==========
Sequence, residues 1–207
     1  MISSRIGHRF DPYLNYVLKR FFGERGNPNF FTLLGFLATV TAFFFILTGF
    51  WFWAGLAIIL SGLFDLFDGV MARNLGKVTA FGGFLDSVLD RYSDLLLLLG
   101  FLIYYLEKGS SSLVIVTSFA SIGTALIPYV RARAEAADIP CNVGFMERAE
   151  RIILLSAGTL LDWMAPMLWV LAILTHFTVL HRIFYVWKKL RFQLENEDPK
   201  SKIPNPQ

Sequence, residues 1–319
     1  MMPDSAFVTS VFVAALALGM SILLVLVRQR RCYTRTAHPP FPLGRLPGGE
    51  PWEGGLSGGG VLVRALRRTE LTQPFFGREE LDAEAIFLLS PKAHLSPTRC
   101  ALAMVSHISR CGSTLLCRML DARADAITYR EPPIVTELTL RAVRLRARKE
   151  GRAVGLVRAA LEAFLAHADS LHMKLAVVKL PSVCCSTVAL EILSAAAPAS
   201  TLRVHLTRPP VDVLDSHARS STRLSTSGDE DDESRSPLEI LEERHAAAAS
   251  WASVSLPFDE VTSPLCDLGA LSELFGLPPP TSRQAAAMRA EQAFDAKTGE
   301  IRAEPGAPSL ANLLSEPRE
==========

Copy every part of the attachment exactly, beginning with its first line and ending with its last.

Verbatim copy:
Sequence, residues 1–207
     1  MISSRIGHRF DPYLNYVLKR FFGERGNPNF FTLLGFLATV TAFFFILTGF
    51  WFWAGLAIIL SGLFDLFDGV MARNLGKVTA FGGFLDSVLD RYSDLLLLLG
   101  FLIYYLEKGS SSLVIVTSFA SIGTALIPYV RARAEAADIP CNVGFMERAE
   151  RIILLSAGTL LDWMAPMLWV LAILTHFTVL HRIFYVWKKL RFQLENEDPK
   201  SKIPNPQ

Sequence, residues 1–319
     1  MMPDSAFVTS VFVAALALGM SILLVLVRQR RCYTRTAHPP FPLGRLPGGE
    51  PWEGGLSGGG VLVRALRRTE LTQPFFGREE LDAEAIFLLS PKAHLSPTRC
   101  ALAMVSHISR CGSTLLCRML DARADAITYR EPPIVTELTL RAVRLRARKE
   151  GRAVGLVRAA LEAFLAHADS LHMKLAVVKL PSVCCSTVAL EILSAAAPAS
   201  TLRVHLTRPP VDVLDSHARS STRLSTSGDE DDESRSPLEI LEERHAAAAS
   251  WASVSLPFDE VTSPLCDLGA LSELFGLPPP TSRQAAAMRA EQAFDAKTGE
   301  IRAEPGAPSL ANLLSEPRE